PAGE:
Rep. Tom Dermody (R-LaPorte) urged property tax-payers to consider all options available to them in the property tax appeals process. Indiana state law outlines varying options available to property tax appellants, hinging on the date they may have filed their appeal.
"Taxpayers have the right to be heard if they believe there has been an error in their assessment," said Rep. Dermody. "I encourage taxpayers who need to appeal their property tax assessment to be aware of the options available to them. If they do choose to file an appeal, they should be sure to be prepared and look to resolve the appeal as early in the process as possible."
LaPorte County Property Tax Assessment Board of Appeals President Sherry Ritter-Banic encourages taxpayers to meet with their township assessor before initiating the appeals process. During the formal appeals board hearing, it is important to have all required forms and documentation available. Indiana law does not require taxpayers to submit appraisals to appeal their assessments. The LaPorte County board is currently scheduling additional hearings in an effort to handle the large numbers of appeals waiting to be heard there. Rep. Dermody has suggested that the LaPorte County appeals board add an additional hearing officer from the Department of Local Government Finance to expedite the appeals process.
"I appreciate the great amount of time and effort President Ritter-Banic is putting into improving the property tax appeals process in LaPorte," said Rep. Dermody.
All property tax owners are entitled to an appeal if they disagree with their assessment. An informal review of the assessment occurs at the time of the filing of an appeal. If the initial review does not resolve the appeal, an informal preliminary conference with the county or township assessor is scheduled. Within 10 days after the conference, the county or township assessor must notify the auditor and the appeals board of the results of the conference.
Those who filed an appeal on or before June 30, 2007, and are still waiting on action by the county appeals board may be precluded from appealing to the Indiana Board of Tax Review under old, but still applicable, state law. The applicable law requires the county appeals board to hear a taxpayer's case within 90 days, but does not provide an additional appeals avenue if delays continue beyond the 90 days. Once the case has been heard by the county appeals board, the property taxpayer may petition to the Indiana Board of Tax Review if they believe their appeal was not resolved by the county board. This must be done within 30 days of the county appeals board's determination.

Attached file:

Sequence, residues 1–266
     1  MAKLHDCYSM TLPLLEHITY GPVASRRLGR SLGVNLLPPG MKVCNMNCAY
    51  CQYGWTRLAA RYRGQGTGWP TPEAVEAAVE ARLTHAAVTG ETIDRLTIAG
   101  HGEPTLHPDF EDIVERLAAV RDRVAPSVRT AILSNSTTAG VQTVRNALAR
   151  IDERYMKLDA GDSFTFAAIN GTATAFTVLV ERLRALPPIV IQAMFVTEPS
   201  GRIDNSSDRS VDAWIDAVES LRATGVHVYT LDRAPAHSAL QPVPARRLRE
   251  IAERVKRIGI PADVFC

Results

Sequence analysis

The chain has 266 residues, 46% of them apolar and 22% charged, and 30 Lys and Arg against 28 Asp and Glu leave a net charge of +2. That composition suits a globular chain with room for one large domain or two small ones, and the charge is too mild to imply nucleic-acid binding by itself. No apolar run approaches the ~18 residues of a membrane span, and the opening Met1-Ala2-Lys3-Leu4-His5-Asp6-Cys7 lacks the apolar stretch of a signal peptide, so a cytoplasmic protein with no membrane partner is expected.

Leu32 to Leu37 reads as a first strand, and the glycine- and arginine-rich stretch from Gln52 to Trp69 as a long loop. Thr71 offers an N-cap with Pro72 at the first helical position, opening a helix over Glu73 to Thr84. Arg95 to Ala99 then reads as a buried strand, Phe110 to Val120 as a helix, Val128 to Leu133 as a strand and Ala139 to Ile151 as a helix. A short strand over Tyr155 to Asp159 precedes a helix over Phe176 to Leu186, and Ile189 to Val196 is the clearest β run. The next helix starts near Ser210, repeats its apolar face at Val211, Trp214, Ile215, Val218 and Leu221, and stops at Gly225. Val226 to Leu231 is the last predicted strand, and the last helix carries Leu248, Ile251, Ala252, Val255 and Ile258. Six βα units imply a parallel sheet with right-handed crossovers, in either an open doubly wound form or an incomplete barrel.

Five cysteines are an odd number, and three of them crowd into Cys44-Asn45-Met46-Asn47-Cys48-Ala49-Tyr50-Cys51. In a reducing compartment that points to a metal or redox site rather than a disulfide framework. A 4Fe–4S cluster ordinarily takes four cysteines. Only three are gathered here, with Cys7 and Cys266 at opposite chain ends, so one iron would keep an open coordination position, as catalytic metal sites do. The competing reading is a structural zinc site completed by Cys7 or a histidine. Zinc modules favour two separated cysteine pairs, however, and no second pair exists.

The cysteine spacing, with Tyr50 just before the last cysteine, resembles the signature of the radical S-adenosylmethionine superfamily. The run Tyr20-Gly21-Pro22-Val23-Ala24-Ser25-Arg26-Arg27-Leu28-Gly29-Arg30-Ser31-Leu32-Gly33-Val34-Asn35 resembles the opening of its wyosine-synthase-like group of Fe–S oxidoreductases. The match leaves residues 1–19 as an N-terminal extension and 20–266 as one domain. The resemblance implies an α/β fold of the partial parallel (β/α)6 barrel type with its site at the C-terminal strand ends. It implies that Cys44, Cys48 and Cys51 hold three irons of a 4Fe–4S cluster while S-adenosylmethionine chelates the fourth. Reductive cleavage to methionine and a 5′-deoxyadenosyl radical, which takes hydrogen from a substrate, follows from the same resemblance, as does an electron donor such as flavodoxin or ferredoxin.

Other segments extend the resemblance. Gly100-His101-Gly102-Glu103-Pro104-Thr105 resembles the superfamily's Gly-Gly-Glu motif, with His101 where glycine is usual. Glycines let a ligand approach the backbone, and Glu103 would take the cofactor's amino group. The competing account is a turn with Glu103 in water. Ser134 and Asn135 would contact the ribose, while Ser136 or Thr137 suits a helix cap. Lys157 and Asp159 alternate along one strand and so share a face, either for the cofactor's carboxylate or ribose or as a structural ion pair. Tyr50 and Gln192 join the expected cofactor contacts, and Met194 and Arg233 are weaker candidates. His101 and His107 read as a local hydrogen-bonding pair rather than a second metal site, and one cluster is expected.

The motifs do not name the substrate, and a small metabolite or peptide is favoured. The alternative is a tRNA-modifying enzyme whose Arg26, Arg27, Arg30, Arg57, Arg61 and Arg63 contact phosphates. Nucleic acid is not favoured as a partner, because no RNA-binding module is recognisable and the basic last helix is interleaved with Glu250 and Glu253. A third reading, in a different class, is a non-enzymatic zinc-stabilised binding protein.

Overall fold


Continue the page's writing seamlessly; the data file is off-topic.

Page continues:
"There are many steps in the property tax appeals process, and I want to make sure property owners are aware of the state statutes that apply to their specific situation," Rep. Dermody said. "There may be further options available to some property taxpayers if their appeal is still waiting to be heard by the LaPorte County appeals board. I want all taxpayers to know that they can contact my office directly if they have any questions on the appeals process."
For those who filed an appeal after June 30, 2007, if more than 180 days have elapsed since the appeal was filed by the taxpayer, and LaPorte County board has yet to hold a hearing, the property tax-payer is entitled to petition the Indiana Board of Tax Review. Additionally, if 120 days have passed since the county board heard the appeal and has not issued a determination on the appeal, the taxpayer may petition the Indiana Board of Tax Review.
Once the Indiana Board of Tax Review gives notice of its determination, the taxpayer may seek a review by the State Tax Court within 45 days of the Indiana Board of Tax Review's determination.
The Department of Local Government Finance launched tools late last year to assist taxpayers in the assessment appeals process. These tools are available on the Department's Web site at www.in.gov/dlgf and enable Hoosiers to search the assessed values for other properties in the area defined as their neighborhood by their assessor. Additionally, the tools allow taxpayers to search sales prices on properties that sold in each county during specific calendar years. This information is submitted to the DLGF by counties, so the most recent assessment information might not be immediately available.
Rep. Dermody encourages constituents to contact him with questions or concerns through e-mail at firstname.lastname@example.org, by calling the Statehouse toll-free at 1-800-382-9841 or by writing him at the Statehouse at 200 W. Washington St., Indianapolis, IN 46204.